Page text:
http://www.guardiansoflegend.com
http://www.jschancellor.com
http://www.welcometotheasylum.net

1. What do you think most characterizes your writing?

**My writing style is elemental. Meaning, I don’t use a lot of complex
sentence structures. I would rather a reader remember the story I’ve
told, than the words I chose to tell it with. It reminds me of the
first time I was taught to apply makeup: It needs to blend and look
natural, so that people see you and not just the blush, lipstick or
eyeshadow.

2. What was the hardest part of writing this book?

**Edits and revisions–killing my darlings. There were more than a few
scenes that were ultimately cut for the good of the novel.

3. What did you enjoy most about writing this book?

**The drafting stage, where the story flowed without any consideration
of audience or publication or future edits. I’ll never have that
experience with a novel again and this series will always be special
to me because it was the first one I wrote without having gone through
the process of submitting to agents and publishers, etc.

4. What is the biggest thing that people THINK they know about your
subject/genre, that isn’t so?

**Epic fantasy can have just as much depth as literary fiction. There
has been a shadow over genre fiction for years that unfairly labels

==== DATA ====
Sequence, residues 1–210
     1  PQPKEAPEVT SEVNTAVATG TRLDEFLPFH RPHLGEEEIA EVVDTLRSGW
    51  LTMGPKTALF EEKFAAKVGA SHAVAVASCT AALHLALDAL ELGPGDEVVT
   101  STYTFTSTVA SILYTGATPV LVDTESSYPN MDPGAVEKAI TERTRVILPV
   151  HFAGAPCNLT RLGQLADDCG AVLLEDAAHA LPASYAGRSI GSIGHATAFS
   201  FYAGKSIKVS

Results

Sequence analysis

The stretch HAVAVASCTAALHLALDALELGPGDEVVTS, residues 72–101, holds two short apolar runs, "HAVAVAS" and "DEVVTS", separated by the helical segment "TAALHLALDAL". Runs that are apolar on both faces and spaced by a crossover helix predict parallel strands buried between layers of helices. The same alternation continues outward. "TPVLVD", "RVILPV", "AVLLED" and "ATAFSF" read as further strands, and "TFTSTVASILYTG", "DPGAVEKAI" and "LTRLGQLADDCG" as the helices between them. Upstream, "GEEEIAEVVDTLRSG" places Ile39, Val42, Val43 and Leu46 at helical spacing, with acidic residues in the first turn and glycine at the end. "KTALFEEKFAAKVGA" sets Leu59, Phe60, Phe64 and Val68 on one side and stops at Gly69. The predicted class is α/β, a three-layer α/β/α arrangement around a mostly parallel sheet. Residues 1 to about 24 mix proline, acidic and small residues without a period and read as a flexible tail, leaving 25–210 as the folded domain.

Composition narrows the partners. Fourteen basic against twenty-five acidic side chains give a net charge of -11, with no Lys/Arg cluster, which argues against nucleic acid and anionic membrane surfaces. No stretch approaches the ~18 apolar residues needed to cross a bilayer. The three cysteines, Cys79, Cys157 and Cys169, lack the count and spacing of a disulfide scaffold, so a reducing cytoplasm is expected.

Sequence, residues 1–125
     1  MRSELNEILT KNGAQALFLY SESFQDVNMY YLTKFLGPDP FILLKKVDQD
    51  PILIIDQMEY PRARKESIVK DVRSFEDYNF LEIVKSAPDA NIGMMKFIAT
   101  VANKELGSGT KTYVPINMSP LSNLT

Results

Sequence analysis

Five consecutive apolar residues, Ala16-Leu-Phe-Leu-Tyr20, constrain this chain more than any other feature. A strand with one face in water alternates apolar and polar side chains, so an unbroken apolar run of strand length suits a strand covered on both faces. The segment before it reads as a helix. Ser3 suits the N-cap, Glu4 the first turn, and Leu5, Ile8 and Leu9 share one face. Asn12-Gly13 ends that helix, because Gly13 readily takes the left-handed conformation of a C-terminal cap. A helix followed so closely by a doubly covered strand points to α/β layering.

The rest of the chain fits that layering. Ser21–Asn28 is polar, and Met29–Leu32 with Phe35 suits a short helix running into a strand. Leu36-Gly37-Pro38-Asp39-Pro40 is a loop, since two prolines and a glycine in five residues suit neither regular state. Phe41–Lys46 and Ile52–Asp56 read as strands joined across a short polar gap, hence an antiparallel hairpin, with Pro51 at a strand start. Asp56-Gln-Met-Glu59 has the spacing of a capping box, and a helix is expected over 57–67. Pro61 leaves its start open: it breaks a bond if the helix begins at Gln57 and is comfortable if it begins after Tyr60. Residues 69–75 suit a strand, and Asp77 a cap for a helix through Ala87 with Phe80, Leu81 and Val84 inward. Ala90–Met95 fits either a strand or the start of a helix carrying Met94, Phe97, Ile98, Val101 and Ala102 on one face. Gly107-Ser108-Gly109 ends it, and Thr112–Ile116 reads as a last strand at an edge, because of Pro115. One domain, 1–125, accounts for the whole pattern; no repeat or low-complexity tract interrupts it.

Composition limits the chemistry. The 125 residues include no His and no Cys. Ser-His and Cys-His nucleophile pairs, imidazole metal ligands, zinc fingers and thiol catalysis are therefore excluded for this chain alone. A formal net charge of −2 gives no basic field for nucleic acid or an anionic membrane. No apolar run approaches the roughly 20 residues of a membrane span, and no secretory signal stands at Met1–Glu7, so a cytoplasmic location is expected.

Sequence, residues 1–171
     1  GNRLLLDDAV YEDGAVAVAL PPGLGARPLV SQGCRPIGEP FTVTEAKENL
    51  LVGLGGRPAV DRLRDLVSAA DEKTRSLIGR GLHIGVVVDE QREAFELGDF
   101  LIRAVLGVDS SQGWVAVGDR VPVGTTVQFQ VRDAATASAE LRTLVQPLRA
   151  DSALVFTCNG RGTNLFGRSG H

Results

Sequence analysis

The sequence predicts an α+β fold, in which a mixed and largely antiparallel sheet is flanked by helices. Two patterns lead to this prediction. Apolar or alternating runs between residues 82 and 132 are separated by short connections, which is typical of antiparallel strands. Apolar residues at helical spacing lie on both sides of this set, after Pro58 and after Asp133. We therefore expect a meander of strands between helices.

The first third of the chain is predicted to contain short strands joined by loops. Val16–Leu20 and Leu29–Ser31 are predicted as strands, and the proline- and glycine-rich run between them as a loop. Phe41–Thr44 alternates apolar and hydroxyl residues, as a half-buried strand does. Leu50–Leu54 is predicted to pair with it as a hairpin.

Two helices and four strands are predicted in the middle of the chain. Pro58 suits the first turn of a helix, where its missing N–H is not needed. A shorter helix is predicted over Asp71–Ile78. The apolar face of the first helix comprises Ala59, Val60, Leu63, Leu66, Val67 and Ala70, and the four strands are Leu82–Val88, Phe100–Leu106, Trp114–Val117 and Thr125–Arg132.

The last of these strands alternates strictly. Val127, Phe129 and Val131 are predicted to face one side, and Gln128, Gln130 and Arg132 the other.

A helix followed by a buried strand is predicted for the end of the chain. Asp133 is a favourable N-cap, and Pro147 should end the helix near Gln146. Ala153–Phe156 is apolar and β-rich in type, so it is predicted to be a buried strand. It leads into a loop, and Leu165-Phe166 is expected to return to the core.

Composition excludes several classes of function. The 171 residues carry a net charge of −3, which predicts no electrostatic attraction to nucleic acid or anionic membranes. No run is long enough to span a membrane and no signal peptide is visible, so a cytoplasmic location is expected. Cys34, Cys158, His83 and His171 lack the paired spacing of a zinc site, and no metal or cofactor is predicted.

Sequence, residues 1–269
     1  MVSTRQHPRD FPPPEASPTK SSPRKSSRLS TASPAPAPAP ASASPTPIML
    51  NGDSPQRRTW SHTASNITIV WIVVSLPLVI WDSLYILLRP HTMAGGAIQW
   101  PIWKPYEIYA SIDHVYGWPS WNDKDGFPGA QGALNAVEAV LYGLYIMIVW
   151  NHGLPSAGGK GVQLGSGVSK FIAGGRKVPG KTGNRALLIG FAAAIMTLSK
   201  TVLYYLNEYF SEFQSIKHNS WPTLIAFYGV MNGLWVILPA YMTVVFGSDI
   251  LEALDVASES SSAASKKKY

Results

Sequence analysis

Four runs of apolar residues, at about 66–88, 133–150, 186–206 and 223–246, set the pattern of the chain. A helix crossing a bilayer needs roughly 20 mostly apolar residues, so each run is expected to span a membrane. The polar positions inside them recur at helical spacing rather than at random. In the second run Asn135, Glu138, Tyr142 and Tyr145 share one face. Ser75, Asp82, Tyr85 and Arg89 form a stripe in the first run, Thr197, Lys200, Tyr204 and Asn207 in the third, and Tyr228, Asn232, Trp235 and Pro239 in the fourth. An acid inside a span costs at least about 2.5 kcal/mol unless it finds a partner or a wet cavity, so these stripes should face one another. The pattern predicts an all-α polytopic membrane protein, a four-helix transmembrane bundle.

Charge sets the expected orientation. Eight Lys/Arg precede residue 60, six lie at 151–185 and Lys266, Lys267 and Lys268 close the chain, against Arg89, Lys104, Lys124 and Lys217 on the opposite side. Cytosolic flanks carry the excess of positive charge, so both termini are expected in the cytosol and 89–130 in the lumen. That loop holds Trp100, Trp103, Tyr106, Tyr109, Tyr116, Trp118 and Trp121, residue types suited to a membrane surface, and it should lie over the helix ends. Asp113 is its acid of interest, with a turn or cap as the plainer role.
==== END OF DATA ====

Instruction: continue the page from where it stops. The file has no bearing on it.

anything beyond the literary category as being two-dimensional and
bereft of complex themes. Nothing could be further from the truth.

5. Who are some of your favorite authors that you feel were
influential in your work?  What impact have they had on your writing?

**Believe it or not, Christopher Pike and R.L. Stine. That sounds
ridiculous, but when I first learned to love reading, I read YA
thrillers: R.L. Stine’s Fear Street Series and just about everything
of Christopher Pike’s. Those novels, read when I was 11, 12, 13 years
old, taught me cadence and the importance of when to conceal and when
to reveal.

6. What are some day jobs that you have held?

**I worked in property management before I left gainful employment to
write full time. But, I’ve also worked in retail, a doctor’s office
and a long, long time ago I was a barista at a coffee stand.

7. Who is your least favorite character in Son of Ereubus?

**Aiden. He represents so many things, but the bottom line is that
he’s a selfish, egotistical, bastard. He does some really repulsive
things in book one and I struggled with how to portray one scene in
particular without going overboard or giving undue attention to the
act.

8. How does your family feel about your writing?

**I am incredibly blessed. I have fantastic parents and in-laws.
Really. I’ve had an overwhelming amount of support from all sides of
my family–far more than I ever expected or hoped for.

9. Is there more beyond the Guardians of Legend trilogy? For these characters?

**Oh yes. This is a nine book series. The first trilogy stands alone,
but you have to have read it in order to follow the second and third
trilogies. The second one goes back in time to the beginning, and the
third one jumps ahead to 25 years after the end of the first trilogy.

10. What is the most important thing to look for in signing with a
small publisher?

**Distribution. Distribution. Distribution. I can’t say that enough.
Rhemalda recently signed with a full service distributor, Atlas Books,
and that’s huge for us. Communication is also pivotal. You need to
make sure you are signing with someone who will keep in touch with you
and let you know what’s going on with your work and who will keep you
involved in decisions.